ACR’s Cranswick –a cowboy capitalist!

African Consolidated Resources chief executive Andrew Cranswick has been described as a cowboy capitalist who took advantage of inside knowledge about the diamonds in Marange to peg claims that have now been wrested from him by the government.

The diamonds in Marange were first discovered by De Beers but were taken over by ACR after De Beers’ exclusive prospecting order expired. The government, however, says ACR acquired the claims fraudulently. ACR argues that its ownership is legitimate.

The latest revelations came after The Insider queried why non-governmental organisations opposed to Zimbabwe’s admission to the Kimberley Process Certification Scheme, the European Union and the World Diamond Council had never investigated ACR’s ownership when a review team in which they were represented reported way back in 2007 that there was something amiss with the way ACR had acquired the claims.

The three were represented in a seven-member KP review team that visited Zimbabwe from May 29 to June 1, 2007. In the team’s report which The Insider got by “mistake” because it is specifically for KPCS participants, the team says…. “African Consolidated Resources applied for the rights to the area (Marange) but in a manner that seemingly bypassed the Ministry of Mines in Harare…”

Asked what it had done in the three years since to establish the authenticity of ACR’s ownership of Marange, the European Union said its position “has always been that it was for the Zimbabwean courts to resolve”.

The World Diamond Council did not respond to the question.  Cranswick, however, told US ambassador to Zimbabwe James McGee that one of the WDC team members Ernest Blom was involved in illegal diamonds from Marange. Cranswick has since denied saying this claiming he never met any US officials.

The Insider has written to Blom but has not received any response. In a letter to the diamond industry, Blom said he categorically denied any illegal trading or boasting about it as Cranswick allegedly said in the Wikileaks dispatch.

“I had never travelled to Harare before I went up there as part of the KP review mission in 2007. I have only ever met Cranswick twice in my life. The last time over a year ago when he tried to elicit my assistance to get his mine back, which I declined.”

In the comment to his dispatch McGee said it was also clear that “Cranswick is a businessman trying to find any pressure point he can through which to leverage his own claim”.

Partnership Africa Canada, one of the NGOs that were represented on the team, said the legality of ACR’s ownership of the Marange claims was up to Zimbabwe’s courts.

Its spokesman, Alan Martin, however, said there was little doubt that ACR had a very educated idea about the potential wealth of Marange the day it pegged the claim and chose to delay going public with its find.

ACR pegged its claims between 4 April and 19 June 2006 but only announced the discovery of diamonds on 24 September 2006. Yet according to the KP review team’s report, the Minerals Marketing Corporation of Zimbabwe’s first alert that diamonds were being dug by small miners in Marange came in about May 2006. The first purchase of Marange diamonds was from a licenced gold miner, who brought 724.72 carats of diamonds to MMCZ in Harare for sale on 28th August 2006.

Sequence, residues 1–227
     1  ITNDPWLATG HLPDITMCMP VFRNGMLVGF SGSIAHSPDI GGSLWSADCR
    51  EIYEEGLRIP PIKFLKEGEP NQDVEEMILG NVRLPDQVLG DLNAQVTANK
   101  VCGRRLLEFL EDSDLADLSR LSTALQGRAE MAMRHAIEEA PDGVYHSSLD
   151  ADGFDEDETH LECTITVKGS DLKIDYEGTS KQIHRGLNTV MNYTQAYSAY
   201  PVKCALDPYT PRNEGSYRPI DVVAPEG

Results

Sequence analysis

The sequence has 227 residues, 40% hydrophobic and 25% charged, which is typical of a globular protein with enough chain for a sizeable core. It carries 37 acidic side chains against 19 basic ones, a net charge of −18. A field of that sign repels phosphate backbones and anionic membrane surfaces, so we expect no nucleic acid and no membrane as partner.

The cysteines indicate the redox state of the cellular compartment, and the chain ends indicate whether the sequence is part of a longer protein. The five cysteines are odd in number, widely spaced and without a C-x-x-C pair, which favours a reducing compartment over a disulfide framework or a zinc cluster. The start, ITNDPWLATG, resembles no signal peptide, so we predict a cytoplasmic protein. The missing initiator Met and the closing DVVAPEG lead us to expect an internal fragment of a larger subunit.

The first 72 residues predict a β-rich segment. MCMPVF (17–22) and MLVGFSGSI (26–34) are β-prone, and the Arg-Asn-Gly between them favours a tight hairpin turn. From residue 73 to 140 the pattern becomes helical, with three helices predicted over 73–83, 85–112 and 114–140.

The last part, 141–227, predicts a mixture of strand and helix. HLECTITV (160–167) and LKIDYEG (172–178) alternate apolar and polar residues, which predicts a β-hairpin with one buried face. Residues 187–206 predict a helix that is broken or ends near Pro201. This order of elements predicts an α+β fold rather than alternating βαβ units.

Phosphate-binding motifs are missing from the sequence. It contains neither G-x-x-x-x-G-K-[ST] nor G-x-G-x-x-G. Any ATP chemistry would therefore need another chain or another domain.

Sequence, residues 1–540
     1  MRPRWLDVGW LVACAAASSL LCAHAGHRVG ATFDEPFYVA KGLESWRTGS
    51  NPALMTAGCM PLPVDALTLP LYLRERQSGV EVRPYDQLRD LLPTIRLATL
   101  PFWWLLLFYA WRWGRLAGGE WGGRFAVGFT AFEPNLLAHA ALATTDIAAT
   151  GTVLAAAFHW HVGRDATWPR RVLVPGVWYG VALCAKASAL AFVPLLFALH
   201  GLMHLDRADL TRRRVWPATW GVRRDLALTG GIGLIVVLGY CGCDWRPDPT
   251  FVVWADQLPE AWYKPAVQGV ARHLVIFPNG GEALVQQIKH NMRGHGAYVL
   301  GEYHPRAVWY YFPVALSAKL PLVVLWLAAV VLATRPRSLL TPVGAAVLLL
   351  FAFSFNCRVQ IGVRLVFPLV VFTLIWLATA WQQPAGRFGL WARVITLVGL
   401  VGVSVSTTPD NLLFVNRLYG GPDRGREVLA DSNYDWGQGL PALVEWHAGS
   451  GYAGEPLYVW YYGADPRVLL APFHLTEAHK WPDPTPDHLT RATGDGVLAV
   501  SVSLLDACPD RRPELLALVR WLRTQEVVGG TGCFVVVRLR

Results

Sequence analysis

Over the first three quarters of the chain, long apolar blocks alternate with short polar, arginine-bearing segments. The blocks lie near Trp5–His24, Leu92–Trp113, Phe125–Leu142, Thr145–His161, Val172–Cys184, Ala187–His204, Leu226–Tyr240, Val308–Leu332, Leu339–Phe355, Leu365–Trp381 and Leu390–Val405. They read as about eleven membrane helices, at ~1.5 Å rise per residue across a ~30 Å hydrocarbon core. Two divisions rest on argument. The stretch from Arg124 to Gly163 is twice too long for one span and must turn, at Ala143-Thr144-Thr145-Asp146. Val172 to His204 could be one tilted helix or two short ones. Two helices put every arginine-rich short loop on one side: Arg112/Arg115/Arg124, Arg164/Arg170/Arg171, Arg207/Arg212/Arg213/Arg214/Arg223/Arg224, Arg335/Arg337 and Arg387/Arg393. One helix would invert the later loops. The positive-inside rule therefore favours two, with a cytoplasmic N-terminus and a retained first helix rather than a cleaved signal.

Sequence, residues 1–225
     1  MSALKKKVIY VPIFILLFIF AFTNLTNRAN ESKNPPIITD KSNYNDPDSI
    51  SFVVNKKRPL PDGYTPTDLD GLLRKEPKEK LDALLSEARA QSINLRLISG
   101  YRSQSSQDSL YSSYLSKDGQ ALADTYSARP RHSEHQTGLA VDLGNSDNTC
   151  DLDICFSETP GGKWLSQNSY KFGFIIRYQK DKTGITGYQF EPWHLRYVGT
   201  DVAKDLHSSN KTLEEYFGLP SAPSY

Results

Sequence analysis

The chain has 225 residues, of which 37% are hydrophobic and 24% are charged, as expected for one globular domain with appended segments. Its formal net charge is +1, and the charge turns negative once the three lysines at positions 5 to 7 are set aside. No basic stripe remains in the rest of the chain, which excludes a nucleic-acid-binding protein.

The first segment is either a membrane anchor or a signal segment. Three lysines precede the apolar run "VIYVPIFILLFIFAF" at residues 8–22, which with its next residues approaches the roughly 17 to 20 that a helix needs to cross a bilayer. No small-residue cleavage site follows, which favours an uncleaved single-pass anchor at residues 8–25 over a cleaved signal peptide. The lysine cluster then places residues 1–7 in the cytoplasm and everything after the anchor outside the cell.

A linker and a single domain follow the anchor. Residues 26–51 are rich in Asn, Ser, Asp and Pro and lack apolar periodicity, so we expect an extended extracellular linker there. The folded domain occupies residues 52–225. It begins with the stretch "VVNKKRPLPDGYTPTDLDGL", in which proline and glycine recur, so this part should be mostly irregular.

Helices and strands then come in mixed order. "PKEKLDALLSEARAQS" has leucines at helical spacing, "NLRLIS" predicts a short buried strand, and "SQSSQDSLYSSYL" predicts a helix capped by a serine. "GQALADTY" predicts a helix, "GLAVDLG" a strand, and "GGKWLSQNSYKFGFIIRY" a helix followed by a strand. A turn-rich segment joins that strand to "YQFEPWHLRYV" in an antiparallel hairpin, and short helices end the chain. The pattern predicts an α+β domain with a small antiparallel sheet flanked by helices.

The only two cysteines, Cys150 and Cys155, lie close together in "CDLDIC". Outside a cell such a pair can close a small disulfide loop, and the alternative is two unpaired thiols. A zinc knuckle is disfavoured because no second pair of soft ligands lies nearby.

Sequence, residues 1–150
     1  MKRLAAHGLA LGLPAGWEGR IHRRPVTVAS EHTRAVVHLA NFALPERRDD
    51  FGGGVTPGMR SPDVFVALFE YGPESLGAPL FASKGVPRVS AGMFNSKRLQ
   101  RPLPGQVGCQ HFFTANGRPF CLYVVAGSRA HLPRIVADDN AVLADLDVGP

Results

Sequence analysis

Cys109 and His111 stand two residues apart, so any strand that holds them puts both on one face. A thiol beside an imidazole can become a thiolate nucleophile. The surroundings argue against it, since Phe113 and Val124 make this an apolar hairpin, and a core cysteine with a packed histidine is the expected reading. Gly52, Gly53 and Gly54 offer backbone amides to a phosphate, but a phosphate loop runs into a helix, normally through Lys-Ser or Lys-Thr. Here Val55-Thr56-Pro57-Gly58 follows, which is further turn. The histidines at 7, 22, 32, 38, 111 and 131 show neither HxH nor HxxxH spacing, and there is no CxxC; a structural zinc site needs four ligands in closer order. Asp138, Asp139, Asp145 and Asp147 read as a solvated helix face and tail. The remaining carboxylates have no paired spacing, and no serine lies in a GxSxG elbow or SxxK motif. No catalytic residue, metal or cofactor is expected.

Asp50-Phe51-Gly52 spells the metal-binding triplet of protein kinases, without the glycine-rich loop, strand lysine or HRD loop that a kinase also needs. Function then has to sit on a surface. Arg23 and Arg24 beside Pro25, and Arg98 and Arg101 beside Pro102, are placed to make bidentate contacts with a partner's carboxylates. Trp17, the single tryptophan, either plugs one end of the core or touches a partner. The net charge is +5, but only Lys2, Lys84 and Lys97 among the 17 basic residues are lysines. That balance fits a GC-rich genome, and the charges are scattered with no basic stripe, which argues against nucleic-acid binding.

A senior employee of De Beers who had intimate knowledge of the diamonds in Marange told The Insider last year that the chaos in Marange arose after ACR asked villagers to help it collect the diamonds but failed to control the digging when people became aware of the diamonds and flooded the area.

Cranswick refuted this claim.

Martin says the best evidence that ACR was aware of the existence of diamonds in Marange before pegging its claims was the fact that it poached a De Beers geologist who had intimate knowledge of the area and went to work for Cranswick after falling out with De Beers.

“ACR,” he added, “has always had trouble explaining in public how it managed to make such a large blanket claim of Marange without having the time or manpower usually necessary to map out a concession of that size - approximately 68,000 ha or roughly the size of greater New York City.”

The geologist admitted to The Insider last year that he worked for ACR but claimed he did not know about the diamond find in Marange though the diamonds were discovered three years before he left De Beers.

Martin said even De Beers knew they were on to something unusual when they gave up the claim. “However, no one imagined that the find would be potentially as lucrative as some within industry are now making it out to be.”

De Beers says it discovered the diamonds in Marange in 2002 but did not exploit them because it was not interested in alluvial diamonds but in kimberlites.

Martin said PAC had never taken sides on the ownership of the claims other than to point out the legal history of the issue.